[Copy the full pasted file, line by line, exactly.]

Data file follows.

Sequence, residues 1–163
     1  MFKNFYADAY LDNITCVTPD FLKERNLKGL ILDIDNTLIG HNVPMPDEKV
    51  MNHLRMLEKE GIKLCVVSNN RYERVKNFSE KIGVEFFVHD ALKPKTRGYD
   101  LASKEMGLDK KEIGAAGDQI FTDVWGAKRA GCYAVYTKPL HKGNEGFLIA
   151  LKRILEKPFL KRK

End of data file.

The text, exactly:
Sequence, residues 1–163
     1  MFKNFYADAY LDNITCVTPD FLKERNLKGL ILDIDNTLIG HNVPMPDEKV
    51  MNHLRMLEKE GIKLCVVSNN RYERVKNFSE KIGVEFFVHD ALKPKTRGYD
   101  LASKEMGLDK KEIGAAGDQI FTDVWGAKRA GCYAVYTKPL HKGNEGFLIA
   151  LKRILEKPFL KRK